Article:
Hang ups: How your phone messes with your sleep
Author: The Simple Bit
Sleep is important for so many reasons. And yet many of us may be sabotaging our sleep by using our smartphones too often, at the wrong times, or in the wrong ways.
- Staring at a screen before bed can delay the release of the hormone melatonin
- Delayed melatonin can mess with your body clock or circadian rhythm
- There are strategies to help you scale back on phone use at bedtime
- Buy an alarm clock (they still exist)
- Do something non-digital (pottery, even)
The cool, blue-hued moonlight used to bathe two lovers in bed. Now, it’s the blue light from two phones with the background noise of fake news/cat videos/humblebrag holiday vlogs (delete as appropriate). It’s not just hopeless romantics who should be upset by this scene. Our phones might be portals to the universe but they’re wrecking our potential to get a good night’s sleep.
Lots of it is to do with a hormone called melatonin. ‘Melatonin relies on light to tell the body whether it needs to be sleeping or awake, so if light levels are bright then it’s suppressing melatonin’ says sleep expert and CQU researcher, Dr. Amy Reynolds. By staring into a backlit screen, we prevent our bodies from releasing this hormone at bedtime, costing us all-important zeds.
The knock-on effect of delayed melatonin is that your body clock or circadian rhythm can get out of whack. As anyone who’s been jetlagged will know, an upset circadian rhythm is a cruel mistress indeed. When it’s out of whack, it can impact both your metabolism and your mood. Harvard research suggests a shifted circadian rhythm actually increased blood sugar levels and decreased levels of leptin, the hormone that signals you’re full after a meal. Hangry or just plain angry; neither are a great way to spend your day.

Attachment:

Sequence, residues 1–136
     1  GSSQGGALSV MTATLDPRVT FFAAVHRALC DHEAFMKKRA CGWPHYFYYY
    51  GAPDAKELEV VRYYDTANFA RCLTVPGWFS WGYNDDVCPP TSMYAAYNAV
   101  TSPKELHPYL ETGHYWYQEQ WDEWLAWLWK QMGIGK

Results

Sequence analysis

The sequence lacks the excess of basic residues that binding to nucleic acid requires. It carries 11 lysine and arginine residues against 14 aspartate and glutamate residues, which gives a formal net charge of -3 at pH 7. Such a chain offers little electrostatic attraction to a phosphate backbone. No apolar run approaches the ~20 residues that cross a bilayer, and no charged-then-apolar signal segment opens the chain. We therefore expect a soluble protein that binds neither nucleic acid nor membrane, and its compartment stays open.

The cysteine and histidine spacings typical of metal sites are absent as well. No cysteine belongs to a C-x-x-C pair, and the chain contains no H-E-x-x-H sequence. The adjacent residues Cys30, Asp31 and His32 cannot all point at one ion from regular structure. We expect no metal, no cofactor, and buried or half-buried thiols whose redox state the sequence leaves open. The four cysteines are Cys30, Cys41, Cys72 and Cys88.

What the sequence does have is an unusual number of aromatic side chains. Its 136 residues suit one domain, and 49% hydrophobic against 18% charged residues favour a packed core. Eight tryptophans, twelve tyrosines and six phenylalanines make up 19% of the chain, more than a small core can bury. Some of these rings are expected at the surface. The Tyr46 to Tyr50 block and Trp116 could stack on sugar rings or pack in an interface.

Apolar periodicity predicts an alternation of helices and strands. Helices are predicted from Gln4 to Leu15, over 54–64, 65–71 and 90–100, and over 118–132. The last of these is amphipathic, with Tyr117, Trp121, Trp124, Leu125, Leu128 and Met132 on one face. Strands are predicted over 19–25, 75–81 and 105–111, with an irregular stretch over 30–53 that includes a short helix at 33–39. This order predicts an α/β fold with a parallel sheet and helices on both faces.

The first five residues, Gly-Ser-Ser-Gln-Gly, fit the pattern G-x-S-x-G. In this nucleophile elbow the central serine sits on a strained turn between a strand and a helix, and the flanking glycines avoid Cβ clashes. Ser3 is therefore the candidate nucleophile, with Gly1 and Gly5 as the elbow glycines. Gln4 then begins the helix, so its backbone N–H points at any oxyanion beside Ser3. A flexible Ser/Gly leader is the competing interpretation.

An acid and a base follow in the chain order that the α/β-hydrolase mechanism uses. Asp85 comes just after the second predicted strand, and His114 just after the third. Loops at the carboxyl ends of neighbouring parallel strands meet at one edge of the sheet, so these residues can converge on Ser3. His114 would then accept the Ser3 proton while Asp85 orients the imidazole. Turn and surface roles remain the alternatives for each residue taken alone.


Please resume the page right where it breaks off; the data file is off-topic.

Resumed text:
By staring into a backlit screen, we prevent our bodies from releasing (melatonin) at bedtime, costing us all-important zeds.
If you think you can bend the rules for one last late social media check-in, think again. One study focused on how social media specifically might impact sleep and found it caused greater risk of insomnia, anxiety and reduced sleep. Perhaps you should save diving headlong into the endless scroll vortex for earlier in the day.
You might find ditching the phone has more far-reaching benefits too. ‘Phubbing’, the name given for snubbing a person in favour of your phone, was shown to decrease relationship satisfaction and even lead to a sense of depression and alienation. Putting your friends and family first sounds like the kind of win-win that’ll help you sleep easy at night.
You don’t have to go completely cold turkey to quash your phone hungry habits. Try these tips to kick things off.
Put your phone to bed first
Think of it as your sweet technology child that needs extra rest. Aim to put your phone away about an hour before you hit the hay and use that time for something else instead. If you set a time, it’ll be a good focal point for getting any pesky last emails out the way too. See ya, shackles of employment!
Your willpower is likely to be depleted by the end of the day, so why not make things really easy for yourself? Buy an alarm clock (…they still exist! We were surprised too.) and charge your phone in a different room. It may seem like a small change but it’s the main excuse we use for keeping our phones by our beds. Our preference would be a radio alarm so you can wake up to your fave community station. Or 80s bangers, if you insist.
Get back on that (hobby) horse
It’s much easier to replace a habit than give one up completely, so swap your phone for a new activity instead. Maybe learn a language, meditate or write. Or go full Ghost and take a late-night pottery class (cliche, but it keeps both your hands and brain busy). Or stay closer to home and start a book club of one. Accompanying glass of red wine optional but highly recommended.